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Dyson Technology Ltd v Pellerey  EWHC 3000 (Ch)
The High Court held that a springboard injunction was appropriate where an employee breached an express term requiring him to notify his employer of an offer of employment with a competitor. As a result, the employee gained access to confidential information to which he would not have had access if he had complied with the notification term.
This is the first case to give detailed consideration to the enforceability of a notification term, and the appropriate remedy for its breach. The notification term provided as follows:
“You agree that if any person approaches you in connection with offering you employment which is or potentially may be in competition with the Company or any Group Company then you will immediately inform the Company of that approach. In addition, you will disclose to any new potential employer before accepting such an offer of employment the extent of your notice period and the obligations after employment which you owe to the Company and any Group Company and will confirm to the Company that you have provided that notification.”
Mr Pellerey started work for Dyson in March 2013 as a Motor Drives Engineer, helping to
design the next generation of Dyson’s digital motors for its vacuum cleaners. In November
2014, Mr Pellerey was contacted by a recruiter from Tesla, a leading manufacturer of electric cars based in the United States. Following interviews, in March 2015 Tesla made a job offer to Mr Pellerey of appointment as a Staff Drive Motor Engineer. Mr Pellerey accepted the offer by email and Tesla started the process of applying for a visa for him. While efforts to obtain a visa continued, Mr Pellerey did not inform Dyson of Tesla’s conditional offer or of his acceptance of it.
In May 2015, events at Dyson took an unexpected turn for Mr Pellerey. He and two colleagues were taken to one side and told that Sir James Dyson intended that the Dyson Group should develop an electric car. Mr Pellerey and his colleagues were told that they were to be assigned to this new project which was to be kept confidential and which became known as “Project E”. The judge (Snowden J) accepted that, given Dyson’s view of the commercial sensitivity of Project E, if Mr Pellerey had told his managers at Dyson at the outset that he had accepted a conditional job offer with Tesla and was waiting for visa clearance, he would not have been allowed to become involved with Project E.
In June 2015, Tesla made Mr Pellerey an offer of a job based in Europe, which avoided the problems with his US visa application. Mr Pellerey then handed in his notice to Dyson.
Dyson sought an injunction to prevent Mr Pellerey from taking up employment with Tesla for a period of 12 months after the termination of his employment with Dyson on two bases, namely (i) enforcement of a 12-month non-compete covenant, and (ii) springboard relief for breach of the notification term.
The judge granted an injunction restraining breach of the non-compete covenant. This Bulletin addresses the judge’s approach to the claim based on the notification term despite his remarks on this issue being strictly obiter.
For the employee, it was argued that the natural reading of the notification term was that it
only applied to a first approach by a potential employer when received and not at a later stage. The judge rejected this approach as too narrow. The commercial purpose of the notification term was to ensure that Dyson was alerted to any attempt to lure away its employee by an offer of competitive employment, and for the prospective new employer to be informed of the relevant restrictions on employing the employee. That purpose would not properly be served and could easily be frustrated if the requirement for notification was only tested once and for all at the start of what might be a lengthy period over which the job specification might change. The clause was triggered when Mr Pellerey learnt of the existence of Project E, at which stage the Tesla employment on offer was or “potentially may be” in competition with Dyson. -.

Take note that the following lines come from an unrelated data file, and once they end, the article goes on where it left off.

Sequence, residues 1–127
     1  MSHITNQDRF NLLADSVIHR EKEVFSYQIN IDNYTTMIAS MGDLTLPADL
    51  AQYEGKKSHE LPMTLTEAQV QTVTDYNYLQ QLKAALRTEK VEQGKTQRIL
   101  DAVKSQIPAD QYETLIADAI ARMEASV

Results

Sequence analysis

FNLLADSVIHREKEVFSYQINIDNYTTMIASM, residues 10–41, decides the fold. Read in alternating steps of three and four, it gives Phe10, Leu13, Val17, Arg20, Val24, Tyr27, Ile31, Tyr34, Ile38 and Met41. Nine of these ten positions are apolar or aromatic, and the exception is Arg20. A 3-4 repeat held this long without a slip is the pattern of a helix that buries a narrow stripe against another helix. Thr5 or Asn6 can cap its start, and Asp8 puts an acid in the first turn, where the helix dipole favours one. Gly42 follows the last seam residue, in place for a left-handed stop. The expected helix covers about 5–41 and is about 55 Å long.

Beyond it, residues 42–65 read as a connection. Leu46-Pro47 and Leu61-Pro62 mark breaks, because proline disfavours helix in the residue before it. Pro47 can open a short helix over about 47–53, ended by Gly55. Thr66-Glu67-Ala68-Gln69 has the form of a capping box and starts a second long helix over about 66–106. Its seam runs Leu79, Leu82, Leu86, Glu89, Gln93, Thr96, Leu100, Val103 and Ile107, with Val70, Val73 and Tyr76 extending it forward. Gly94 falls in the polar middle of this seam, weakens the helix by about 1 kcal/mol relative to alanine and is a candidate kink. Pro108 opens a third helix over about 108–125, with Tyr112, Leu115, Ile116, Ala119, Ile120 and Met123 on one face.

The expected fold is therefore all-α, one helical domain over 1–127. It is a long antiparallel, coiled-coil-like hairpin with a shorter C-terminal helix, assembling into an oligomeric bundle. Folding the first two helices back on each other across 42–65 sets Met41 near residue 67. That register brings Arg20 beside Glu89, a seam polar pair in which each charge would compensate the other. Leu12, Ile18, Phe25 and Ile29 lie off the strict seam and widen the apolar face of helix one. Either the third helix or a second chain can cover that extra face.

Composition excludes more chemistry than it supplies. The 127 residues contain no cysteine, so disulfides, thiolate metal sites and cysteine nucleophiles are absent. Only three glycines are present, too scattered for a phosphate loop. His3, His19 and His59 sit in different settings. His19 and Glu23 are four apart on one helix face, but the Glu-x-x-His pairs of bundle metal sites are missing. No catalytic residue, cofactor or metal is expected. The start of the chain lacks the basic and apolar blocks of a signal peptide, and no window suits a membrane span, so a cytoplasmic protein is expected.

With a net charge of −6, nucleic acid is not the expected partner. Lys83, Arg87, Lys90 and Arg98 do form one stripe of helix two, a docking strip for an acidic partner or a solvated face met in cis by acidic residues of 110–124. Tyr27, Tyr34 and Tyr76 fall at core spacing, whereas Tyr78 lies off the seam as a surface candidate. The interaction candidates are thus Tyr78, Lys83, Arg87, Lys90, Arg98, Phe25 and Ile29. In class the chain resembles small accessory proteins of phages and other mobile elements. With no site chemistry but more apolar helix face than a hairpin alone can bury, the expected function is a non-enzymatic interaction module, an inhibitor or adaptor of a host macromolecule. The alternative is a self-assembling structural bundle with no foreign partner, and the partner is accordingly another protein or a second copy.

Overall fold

It was then argued for the employee that the notification term was invalid as an
unreasonable restraint of trade. The judge held that such clauses are not a restraint of trade. In doing so, he relied on Goulding on Employee Competition, which pointed out that such clauses do not actually limit an employee’s ability to take a new job. In any event, the judge considered it difficult to see why it should be other than reasonable if it operates as an adjunct to a restrictive covenant and/or a confidential information clause. That point was particularly significant in the present case, because the notification term was limited to a requirement to notify Dyson of an approach from a competitor, rather than being a blanket requirement to notify Dyson of all approaches from potential new employers. -
The judge accepted that in most cases of breach of a notification term simpliciter, it will be
very difficult to see why it would be an appropriate response to restrain the employee from taking up his new employment. But this case was different: Mr Pellerey’s breach of the notification term meant that he learnt of the confidential information concerning Project E that he would not have discovered had he told Dyson of his job offer from Tesla.
In principle, such an injunction could extend until the information ceased to be confidential. However, Dyson did not seek such a restraint, but limited its claim to the same period as its restrictive covenant. There was no obvious logical justification for that concession, but it obviated the need for the judge to enter upon further consideration of the issue. -.
The full judgment can be read here. Although decided in 2015, the judgment has only recently become publicly available.
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